After a string of point-scoring finishes, and a front row start in the Principality twelve months ago, much was expected of Lotus Renault GP in qualifying for the 2011 Monaco Grand Prix, but it wasn't to be.

On a confusing day for the team, neither driver was able to unlock the potential of the R31, with Vitaly Petrov just missing out on the pole position shoot-out in eleventh place and Nick Heidfeld only 16th for the fifth round of the championship. It was the first time that neither driver had made it through to the final phase of knock-out qualifying, and technical director James Allison wasn't alone in scratching his head when it came to analysing the reasons why.

"We thought we would do particularly well here in Monaco but, so far, our performance has been decidedly lacklustre," he sighed, "At the last GP, we had qualified as close to the leaders as we have all year, so to come here and be this far off the pace is as unexpected as it is disappointing.

"We have struggled to get the most out of the supersoft [tyres] all weekend, so I did have my suspicions that we would struggle for pace in qualifying. On the prime tyre, we performed more respectably, but even this was below the standard we would have expected."

With so many cars ahead of them on the grid, and with passing and pit-stops expected to be rarer than in recent races, Allison remains far from confident of a good result on Sunday afternoon.

"Without a good start it will be tremendously hard - this is not going to be a KERS, DRS, tyre, F1 2011 style 'overtakeathon'," he conceded, "Tomorrow will be a traditional Monaco race, where attrition and the barriers will make overtaking more likely than anything else.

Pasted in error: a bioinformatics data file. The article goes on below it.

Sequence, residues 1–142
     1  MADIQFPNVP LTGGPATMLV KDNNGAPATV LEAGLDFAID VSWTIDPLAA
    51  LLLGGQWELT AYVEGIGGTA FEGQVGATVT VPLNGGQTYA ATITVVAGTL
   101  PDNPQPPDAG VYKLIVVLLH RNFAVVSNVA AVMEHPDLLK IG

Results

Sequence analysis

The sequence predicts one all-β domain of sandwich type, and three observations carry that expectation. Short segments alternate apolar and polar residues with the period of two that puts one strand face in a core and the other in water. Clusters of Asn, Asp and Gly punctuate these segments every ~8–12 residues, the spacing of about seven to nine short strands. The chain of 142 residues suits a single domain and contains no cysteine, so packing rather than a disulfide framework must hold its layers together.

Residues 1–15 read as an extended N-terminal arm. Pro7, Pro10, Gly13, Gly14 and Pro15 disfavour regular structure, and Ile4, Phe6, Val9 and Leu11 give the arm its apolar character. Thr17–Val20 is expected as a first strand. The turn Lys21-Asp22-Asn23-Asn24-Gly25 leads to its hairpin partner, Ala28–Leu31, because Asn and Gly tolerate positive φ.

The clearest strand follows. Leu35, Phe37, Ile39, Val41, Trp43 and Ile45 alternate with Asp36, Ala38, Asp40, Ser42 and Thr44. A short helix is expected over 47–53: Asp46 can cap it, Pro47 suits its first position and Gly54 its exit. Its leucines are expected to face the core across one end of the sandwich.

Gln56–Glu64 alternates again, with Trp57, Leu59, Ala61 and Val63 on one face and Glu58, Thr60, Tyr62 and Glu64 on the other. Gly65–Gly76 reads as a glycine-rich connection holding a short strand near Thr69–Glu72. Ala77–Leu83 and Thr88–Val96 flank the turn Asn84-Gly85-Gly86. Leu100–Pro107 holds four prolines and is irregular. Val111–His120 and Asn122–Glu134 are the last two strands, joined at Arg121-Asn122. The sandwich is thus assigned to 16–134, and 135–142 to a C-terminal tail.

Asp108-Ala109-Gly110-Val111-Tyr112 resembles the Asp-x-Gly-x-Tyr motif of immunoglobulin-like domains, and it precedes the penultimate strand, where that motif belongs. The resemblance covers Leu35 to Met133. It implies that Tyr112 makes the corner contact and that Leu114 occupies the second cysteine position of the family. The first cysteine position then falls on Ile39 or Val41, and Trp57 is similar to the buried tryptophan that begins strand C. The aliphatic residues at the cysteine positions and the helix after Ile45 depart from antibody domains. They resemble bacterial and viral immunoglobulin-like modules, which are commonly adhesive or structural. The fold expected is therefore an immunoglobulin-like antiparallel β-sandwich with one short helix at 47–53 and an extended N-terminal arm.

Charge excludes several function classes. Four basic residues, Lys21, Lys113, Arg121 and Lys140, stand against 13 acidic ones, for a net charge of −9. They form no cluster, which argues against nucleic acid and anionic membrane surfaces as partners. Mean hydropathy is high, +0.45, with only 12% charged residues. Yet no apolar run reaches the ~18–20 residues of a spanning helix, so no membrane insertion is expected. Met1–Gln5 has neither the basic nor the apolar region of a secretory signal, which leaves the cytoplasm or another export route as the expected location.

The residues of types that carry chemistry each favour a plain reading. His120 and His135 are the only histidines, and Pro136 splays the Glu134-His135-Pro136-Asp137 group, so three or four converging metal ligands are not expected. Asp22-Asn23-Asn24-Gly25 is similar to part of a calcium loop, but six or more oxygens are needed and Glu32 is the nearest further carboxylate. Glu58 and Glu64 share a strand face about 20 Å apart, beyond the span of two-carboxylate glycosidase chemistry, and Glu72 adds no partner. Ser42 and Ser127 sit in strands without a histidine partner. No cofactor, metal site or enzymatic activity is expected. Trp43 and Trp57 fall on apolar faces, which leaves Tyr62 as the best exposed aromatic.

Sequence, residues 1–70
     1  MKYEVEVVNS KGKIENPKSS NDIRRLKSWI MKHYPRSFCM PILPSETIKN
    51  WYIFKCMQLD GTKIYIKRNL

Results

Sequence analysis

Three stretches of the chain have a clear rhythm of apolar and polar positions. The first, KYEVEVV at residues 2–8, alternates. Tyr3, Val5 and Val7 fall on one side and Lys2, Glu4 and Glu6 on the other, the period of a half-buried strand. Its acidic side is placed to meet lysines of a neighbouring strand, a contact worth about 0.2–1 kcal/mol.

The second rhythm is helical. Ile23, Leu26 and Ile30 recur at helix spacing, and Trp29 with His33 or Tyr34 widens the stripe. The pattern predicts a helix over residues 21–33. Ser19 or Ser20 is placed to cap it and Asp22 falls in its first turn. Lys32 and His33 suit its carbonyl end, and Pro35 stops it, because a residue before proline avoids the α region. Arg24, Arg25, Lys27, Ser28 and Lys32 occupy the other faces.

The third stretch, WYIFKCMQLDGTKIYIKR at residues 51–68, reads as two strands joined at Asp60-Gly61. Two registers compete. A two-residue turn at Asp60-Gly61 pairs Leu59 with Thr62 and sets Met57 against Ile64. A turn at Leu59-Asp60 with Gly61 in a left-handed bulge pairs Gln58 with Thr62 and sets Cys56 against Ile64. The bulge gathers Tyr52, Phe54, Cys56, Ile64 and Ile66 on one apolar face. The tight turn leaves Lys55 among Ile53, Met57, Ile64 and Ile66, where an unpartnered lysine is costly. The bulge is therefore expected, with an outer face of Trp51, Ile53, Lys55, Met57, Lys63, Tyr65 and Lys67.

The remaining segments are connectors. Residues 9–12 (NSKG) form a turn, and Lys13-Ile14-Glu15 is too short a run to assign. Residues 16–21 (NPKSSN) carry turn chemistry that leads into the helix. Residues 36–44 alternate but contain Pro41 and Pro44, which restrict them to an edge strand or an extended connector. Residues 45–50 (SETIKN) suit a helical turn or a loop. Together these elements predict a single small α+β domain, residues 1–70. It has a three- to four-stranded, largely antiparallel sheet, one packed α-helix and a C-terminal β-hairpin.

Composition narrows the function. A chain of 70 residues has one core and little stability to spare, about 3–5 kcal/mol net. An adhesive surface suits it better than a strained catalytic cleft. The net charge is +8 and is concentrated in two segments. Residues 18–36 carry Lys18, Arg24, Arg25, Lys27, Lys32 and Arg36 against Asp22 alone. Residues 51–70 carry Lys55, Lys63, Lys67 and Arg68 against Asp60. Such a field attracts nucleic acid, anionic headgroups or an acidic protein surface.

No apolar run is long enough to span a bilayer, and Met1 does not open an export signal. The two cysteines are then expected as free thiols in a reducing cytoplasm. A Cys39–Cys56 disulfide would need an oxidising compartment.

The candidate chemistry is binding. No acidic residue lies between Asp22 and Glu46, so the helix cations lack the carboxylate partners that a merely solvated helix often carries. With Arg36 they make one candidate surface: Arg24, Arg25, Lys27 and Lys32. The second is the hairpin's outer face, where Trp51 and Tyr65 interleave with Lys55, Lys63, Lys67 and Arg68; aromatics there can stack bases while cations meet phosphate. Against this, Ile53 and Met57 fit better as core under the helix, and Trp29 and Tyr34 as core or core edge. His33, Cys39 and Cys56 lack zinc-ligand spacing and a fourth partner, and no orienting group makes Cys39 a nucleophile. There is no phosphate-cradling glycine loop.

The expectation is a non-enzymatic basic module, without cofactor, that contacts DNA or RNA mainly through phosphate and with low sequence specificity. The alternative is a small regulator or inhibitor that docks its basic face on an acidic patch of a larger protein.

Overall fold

"It is much harder for strategy to have a real impact at Monaco. Of course, it remains crucial to do the right thing in terms of when and how often to stop, but it is difficult to get past other cars unless mistakes are made. However, it is the case that our race pace is respectable, so we will be looking to salvage what we can from a disappointing weekend so far. We will need to make a flying start tomorrow and then hope for things to unfold favourably in front of us."

Petrov, who has been the team's most consistent qualifier this year, admitted that the R31 was some way off the pace he had expected from it.

"We should be comfortably in the top ten, so naturally starting eleventh on the grid is not particularly satisfying," the Russian confirmed, "We have found the supersoft tyres challenging this weekend and I only managed to take off a few tenths when I used them, so we need to look at why this has happened. We should really be a second quicker than we are, so we will look at the data this evening and see what needs to be improved to ensure we are performing better tomorrow - we are going to have to be very much on our game strategically come race time."

Team-mate Heidfeld confirmed that there had been no exceptional problems with the car but, despite enjoying have clear laps in qualifying, just wasn't as fast as he wanted to be.

"After Thursday's running, we knew we still had work to do, but I thought we would be able to make it into the top ten," the German confessed, "Unlike in Barcelona, there won't be much overtaking here because of the nature of the track, but we will be pushing hard. Maybe if we use KERS in an unconventional way, where the driver in front is not expecting it, there will be an opportunity, but it certainly won't be like the last race. Of course, anything can happen with safety cars and other cars not finishing, so it's important that we finish and push as hard as we possibly can."

As well as hoping for a full recovery for Petrov's former GP2 Series team-mate Sergio Perez, who suffered a big crash in qualifying, the Renault team will also be sending best wishes to one of its pit crew, who was injured during Saturday morning's final practice session. Although the incident was not serious, the crew member required stitches and will sit out the remainder of the weekend.



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